Five Minutes With: A Place To Bury Strangers

A Place To Bury Strangers is a band that’s impossible to categorise or define. Packing in key elements of a multitude of genres to create a grand choir of distorted […]

A Place To Bury Strangers is a band that’s impossible to categorise or define. Packing in key elements of a multitude of genres to create a grand choir of distorted alt-rock that has impressed everyone from Nine Inch Nails to The Jesus And Mary Chain. Now, prior to the release of the ‘Ego Death‘ EP on May 24 and a UK tour starting on the May 18, vocalist Oliver Ackermann talks with us about the inspiration behind the band’s last full-length and plans for the future.

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“When you are too comfortable the music becomes boring”

S] What are you most enjoying about your current European tour is there a specific city you look forward to stopping over at in the UK?

O] I love going over to all cities in the UK, I guess I am really psyched about Sheffield to see some old friends and I love going to Manchester and of course London, fu** I would have to say I love the UK.

S] What was the overriding theme of ‘Exploding Head’ and how will you be looking to move away from that on any new material?

O] I think it was one of psychedelia and escape and we will be moving away from that as our lives have changed since its release. The next record will be a lot more experimental and we are going to have more time to work on the record and make it what we want it to be.

S] What inspired the track In Your Heart particularly, what was the creative process like?

O] That song was actually written and recorded in one day in a barn converted into a recording studio near Toronto, Canada. The demo was recorded with Graham from Holy F**k who invited us to come and record and engineered the session. I can’t reveal the inspiration for the song as it is quite mean in nature and reflects a rough period of time I was going through.

S] How has the band’s approach to designing sound developed over the course of your career as a band?

O] We are always constantly working on creating new sounds and sound effectors to play with to create something different and work with the spaces we perform at. As we gain knowledge there are a lot more tools at our disposal to work with to fu** more things up. We try to keep it fresh and what we are working with not quite so familiar so that there are always accidents which have to be worked into something we could never predict. I feel like when you are too comfortable the music becomes boring to perform and listen to.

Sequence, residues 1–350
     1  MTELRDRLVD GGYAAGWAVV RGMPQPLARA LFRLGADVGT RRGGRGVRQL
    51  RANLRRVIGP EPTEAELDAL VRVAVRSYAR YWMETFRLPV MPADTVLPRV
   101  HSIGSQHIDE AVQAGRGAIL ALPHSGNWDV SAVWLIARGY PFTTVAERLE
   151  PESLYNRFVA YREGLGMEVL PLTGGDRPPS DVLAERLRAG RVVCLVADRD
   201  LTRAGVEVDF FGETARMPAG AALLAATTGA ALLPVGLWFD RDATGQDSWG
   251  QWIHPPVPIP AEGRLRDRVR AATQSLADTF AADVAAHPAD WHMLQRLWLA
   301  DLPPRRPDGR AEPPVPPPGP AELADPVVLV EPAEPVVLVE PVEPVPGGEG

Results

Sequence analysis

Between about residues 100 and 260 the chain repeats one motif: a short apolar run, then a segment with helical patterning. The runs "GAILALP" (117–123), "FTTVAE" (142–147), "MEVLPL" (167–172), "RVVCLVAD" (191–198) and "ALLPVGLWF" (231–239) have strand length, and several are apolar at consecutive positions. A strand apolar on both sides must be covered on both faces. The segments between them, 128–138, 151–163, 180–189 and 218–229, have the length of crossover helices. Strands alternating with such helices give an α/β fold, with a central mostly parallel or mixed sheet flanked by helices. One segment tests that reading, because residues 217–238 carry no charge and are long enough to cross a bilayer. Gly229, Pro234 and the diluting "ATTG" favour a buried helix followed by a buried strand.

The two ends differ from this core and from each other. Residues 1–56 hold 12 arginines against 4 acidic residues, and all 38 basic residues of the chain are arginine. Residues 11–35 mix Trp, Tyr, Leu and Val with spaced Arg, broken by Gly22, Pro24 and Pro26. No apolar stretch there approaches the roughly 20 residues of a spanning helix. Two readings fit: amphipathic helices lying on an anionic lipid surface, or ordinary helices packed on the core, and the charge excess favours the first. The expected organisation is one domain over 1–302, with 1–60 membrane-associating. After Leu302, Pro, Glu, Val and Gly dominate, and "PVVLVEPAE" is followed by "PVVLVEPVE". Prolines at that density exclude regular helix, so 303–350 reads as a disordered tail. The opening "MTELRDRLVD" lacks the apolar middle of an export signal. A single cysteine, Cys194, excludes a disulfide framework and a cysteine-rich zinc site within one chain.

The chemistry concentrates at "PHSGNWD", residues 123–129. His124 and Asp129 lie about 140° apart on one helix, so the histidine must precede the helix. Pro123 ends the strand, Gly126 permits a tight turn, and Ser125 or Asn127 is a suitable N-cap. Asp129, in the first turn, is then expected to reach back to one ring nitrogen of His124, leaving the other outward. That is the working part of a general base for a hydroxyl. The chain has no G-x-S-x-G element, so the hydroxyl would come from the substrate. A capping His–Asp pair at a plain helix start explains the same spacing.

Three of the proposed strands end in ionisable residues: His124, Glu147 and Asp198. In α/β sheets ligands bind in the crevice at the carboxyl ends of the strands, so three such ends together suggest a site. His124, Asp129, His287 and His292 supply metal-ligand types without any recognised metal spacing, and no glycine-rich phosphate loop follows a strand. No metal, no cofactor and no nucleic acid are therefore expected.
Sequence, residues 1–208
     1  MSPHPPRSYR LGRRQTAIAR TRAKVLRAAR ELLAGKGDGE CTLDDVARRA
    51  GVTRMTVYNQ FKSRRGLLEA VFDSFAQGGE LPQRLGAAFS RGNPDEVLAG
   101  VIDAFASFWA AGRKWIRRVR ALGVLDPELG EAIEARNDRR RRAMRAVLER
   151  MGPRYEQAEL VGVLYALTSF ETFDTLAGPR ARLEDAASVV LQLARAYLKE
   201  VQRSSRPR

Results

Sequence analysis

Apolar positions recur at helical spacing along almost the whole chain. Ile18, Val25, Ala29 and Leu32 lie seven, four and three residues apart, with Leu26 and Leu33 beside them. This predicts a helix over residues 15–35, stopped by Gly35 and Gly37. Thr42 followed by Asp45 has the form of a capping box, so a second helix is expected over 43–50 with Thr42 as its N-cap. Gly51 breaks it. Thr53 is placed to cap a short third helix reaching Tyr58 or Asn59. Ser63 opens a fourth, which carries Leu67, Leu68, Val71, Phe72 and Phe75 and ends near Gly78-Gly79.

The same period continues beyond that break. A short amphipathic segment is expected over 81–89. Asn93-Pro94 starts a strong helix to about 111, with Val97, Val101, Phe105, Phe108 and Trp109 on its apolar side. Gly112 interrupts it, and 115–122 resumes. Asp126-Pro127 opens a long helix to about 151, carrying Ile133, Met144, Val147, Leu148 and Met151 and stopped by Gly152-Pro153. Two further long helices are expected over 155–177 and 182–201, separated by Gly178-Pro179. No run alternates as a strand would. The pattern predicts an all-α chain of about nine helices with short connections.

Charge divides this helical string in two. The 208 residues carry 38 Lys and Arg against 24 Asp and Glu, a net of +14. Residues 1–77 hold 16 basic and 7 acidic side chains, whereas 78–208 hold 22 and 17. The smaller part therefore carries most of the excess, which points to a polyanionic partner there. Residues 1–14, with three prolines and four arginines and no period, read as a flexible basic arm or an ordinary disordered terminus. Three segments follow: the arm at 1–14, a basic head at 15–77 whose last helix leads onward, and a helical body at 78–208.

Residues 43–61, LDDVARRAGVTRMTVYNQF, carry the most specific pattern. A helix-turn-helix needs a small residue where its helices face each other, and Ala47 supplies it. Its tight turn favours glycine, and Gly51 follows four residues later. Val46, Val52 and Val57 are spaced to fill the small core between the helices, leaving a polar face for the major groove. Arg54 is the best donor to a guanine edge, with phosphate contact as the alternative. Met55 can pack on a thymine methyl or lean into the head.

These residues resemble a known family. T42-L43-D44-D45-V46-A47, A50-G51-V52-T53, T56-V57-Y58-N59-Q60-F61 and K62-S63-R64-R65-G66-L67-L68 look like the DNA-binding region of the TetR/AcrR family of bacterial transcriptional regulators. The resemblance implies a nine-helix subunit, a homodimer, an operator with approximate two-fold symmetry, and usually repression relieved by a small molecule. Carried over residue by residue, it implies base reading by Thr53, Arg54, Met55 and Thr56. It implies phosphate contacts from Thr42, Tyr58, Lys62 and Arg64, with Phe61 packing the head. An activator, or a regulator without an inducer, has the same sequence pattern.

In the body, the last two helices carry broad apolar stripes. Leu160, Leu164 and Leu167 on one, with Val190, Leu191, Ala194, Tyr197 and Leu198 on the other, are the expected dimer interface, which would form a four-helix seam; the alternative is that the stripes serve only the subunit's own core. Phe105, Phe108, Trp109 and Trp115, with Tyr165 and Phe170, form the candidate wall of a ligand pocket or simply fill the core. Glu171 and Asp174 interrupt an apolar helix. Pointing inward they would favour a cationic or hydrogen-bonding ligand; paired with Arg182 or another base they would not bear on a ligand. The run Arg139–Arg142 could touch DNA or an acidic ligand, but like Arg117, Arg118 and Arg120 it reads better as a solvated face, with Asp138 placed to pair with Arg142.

S] How important is the atmosphere (created by the distortion and visuals you utilise) when it comes to an APTBS show, and will this develop in the future?

O] I think it is important to what we are doing but you have to work with what you have so even if it were a flashlight and a piano you have the means to bring it just in the feeling and what you do with what you have. We are always developing more and more interesting effects and things we can work with to create something really special. For this tour, I made a mixer that mixes six iPods projecting video which can be manipulated in real time as well as other light controllers and such which we are constantly implementing to make something previously unseen.

S] You guys are famed for going all out to create a vast spectrum of sounds using everything from kitchen utensils to broken equipment if you could pick an ideal location to record a song (considering your environment when it comes to creating sound and instruments that you could use), where would you pick?

O] I would say in a construction zone for a building. Because wielding massive tools that could end your life brings great power and danger – thus leads to excitement and would probably create very interesting songs and sounds.

S] You have always set out to create something different and appealing to different audiences, so how rewarding does it feel to tour with influences as diverse as Nine Inch Nails and Jesus And Mary Chain, and to be name-checked by up-and-coming EBM-electronic bands like XP8 as ‘one of the best bands around’?

O] It is all really mind-blowing to think of all of this, we are just creating something that is interesting to us and we feel reflects the feeling of an intense show. Any kind of praise that results from what we are trying to do is unexpected and welcome.

S] How do you manage your time on a daily basis between writing music with the band and running your effects pedal company?

O] I sleep very little, am always working, and try to surround myself with eager and inspirational people. It is very tough but I have gotten a lot of help through the past few years from other people. Without them none of this could not have been possible.

S] What was the inspiration behind the new video you’ve released for ‘Ego Death’ what ideas did you want to capture?

O] The video was created by Spencer Bewley who has done a lot of projections for us in the past and we wanted to let him do whatever he wanted to do because he is such a great visual artist. I think he did his best to capture what is scary and maybe perverse about the song.

S] What are your most exciting plans after June?

O] I really just can’t wait to record more music and build more devices for us to use to create this music.

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